For example, if you earn $5,000 per month before taxes, expect your lender to cap your monthly payment at $1,400, including all housing expenses. Your monthly payment plus all your other debt payments couldn’t exceed $1,800.
The lender then works backward from that value to determine the maximum loan amount you can borrow, based on the interest rate you qualify for.
In 2022, “conforming” loans allow up to $647,200 for single-family homes in most of the U.S. However, Fannie Mae and Freddie Mac allow up to $970,800 in areas with a high cost of living.
Properties with two to four units come with higher conforming loan limits:
|Units||Standard Limit||Limit in High CoL Areas|
You can still borrow conventional mortgages above those amounts, but they count as “jumbo” loans — more on the distinction between conforming and non-conforming loans shortly.
Private Mortgage Insurance (PMI)
If you borrow more than 80% LTV, you have to pay extra each month for private mortgage insurance (PMI).
Private mortgage insurance covers the lender, not you. It protects them against losses due to you defaulting on your loan. For example, if you default on your payments and the lender forecloses, leaving them with a loss of $50,000, they file a PMI claim and the insurance company pays them to cover most or all of that loss.
The good news is that you can apply to remove PMI from your monthly payment when you pay down your loan balance below 80% of the value of your home.
Types of Conventional Loans
While there are many conventional loan programs, there are several broad categories that conventional loans fall into.
Conforming loans fit into Fannie Mae or Freddie Mac loan programs, and also fall within their loan limits outlined above.
All conforming loans are conventional loans. But conventional loans also include jumbo loans, which exceed the conforming loan size limits.
Not all conventional loans “conform” to Fannie or Freddie loan programs. The most common type of non-conforming — but still conventional — loan is jumbo loans.
Jumbo loans typically come with stricter requirements, especially for credit scores. They sometimes also charge higher interest rates. But lenders still buy and sell them on the secondary market.
Some banks do issue other types of conventional loans that don’t conform to Fannie or Freddie programs. In most cases, they keep these loans on their own books as portfolio loans, rather than selling them.
That makes these loans unique to each bank, rather than conforming to a nationwide loan program. For example, the bank might offer its own “renovation-perm” loan for fixer-uppers. This type of loan allows for a draw schedule during an initial renovation period, then switches over to a longer-term “permanent” mortgage.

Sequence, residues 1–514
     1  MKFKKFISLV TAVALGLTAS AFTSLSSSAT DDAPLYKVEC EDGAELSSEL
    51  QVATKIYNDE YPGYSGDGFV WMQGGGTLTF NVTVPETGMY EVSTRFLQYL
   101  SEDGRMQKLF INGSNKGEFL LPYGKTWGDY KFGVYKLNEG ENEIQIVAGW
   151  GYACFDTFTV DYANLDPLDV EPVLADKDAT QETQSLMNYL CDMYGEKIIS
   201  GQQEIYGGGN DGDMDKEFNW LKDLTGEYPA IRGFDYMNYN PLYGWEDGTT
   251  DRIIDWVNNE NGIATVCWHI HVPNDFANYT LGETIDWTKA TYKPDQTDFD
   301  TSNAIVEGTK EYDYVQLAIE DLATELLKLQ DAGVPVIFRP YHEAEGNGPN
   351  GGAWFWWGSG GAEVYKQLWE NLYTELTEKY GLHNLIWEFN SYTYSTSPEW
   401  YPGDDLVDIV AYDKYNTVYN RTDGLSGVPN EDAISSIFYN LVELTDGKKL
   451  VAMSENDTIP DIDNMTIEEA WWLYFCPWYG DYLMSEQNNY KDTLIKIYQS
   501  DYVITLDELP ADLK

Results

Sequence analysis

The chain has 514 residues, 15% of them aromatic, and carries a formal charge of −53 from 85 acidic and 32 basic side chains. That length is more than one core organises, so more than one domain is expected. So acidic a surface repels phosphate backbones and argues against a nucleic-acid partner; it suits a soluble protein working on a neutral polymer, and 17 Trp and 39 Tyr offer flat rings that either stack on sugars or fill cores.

The name speaks for itself: loans with fixed interest rates are called fixed-rate mortgages.
Rather than fluctuating over time, the interest rate remains constant for the entire life of the loan. That leaves your monthly payments consistent for the whole loan term, not including any changes in property taxes or insurance premiums.
Adjustable-Rate Mortgages (ARMs)
As an alternative to fixed-interest loans, you can instead take out an adjustable-rate mortgage. After a tempting introductory period with a fixed low interest rate, the interest rate adjusts periodically based on some benchmark rate, such as the Fed funds rate.
When your adjustable rate goes up, you become an easy target for lenders to approach you later with offers to refinance your mortgage. When you refinance, you pay a second round of closing fees. Plus, because of the way mortgage loans are structured, you’ll pay a disproportionate amount of your loan’s total interest during the first few years after refinancing.
Pros & Cons of Conventional Home Loans
Like everything else in life, conventional loans have advantages and disadvantages. They offer lots of choice and relatively low interest, among other upsides, but can be less flexible in some important ways.
Pros of Conventional Home Loans
As you explore your options for taking out a mortgage loan, consider the following benefits to conventional loans.
- Low Interest. Borrowers with strong credit can usually find the best deal among conventional loans.
- Removable PMI. You can apply to remove PMI from your monthly mortgage payments as soon as you pay down your principal balance below 80% of your home’s value. In fact, it disappears automatically when you reach 78% of your original home valuation.
- No Loan Limits. Higher-income borrowers can borrow money to buy expensive homes that exceed the limits on government-backed mortgages.
- Second Homes & Investment Properties Allowed. You can borrow a conventional loan to buy a second home or an investment property. Those types of properties aren’t eligible for the FHA, VA, or USDA loan programs.
- No Program-Specific Fees. Some government-backed loan programs charge fees, such as FHA’s up-front mortgage insurance premium fee.
- More Loan Choices. Government-backed loan programs tend to be more restrictive. Conventional loans allow plenty of options among loan programs, at least for qualified borrowers with high credit scores.
Cons of Conventional Home Loans
Make sure you also understand the downsides of conventional loans however, before committing to one for the next few decades.
- Less Flexibility on Credit. Conventional mortgages represent private markets at work, with no direct government subsidies. That makes them a great choice for people who qualify for loans on their own merits but infeasible for borrowers with bad credit.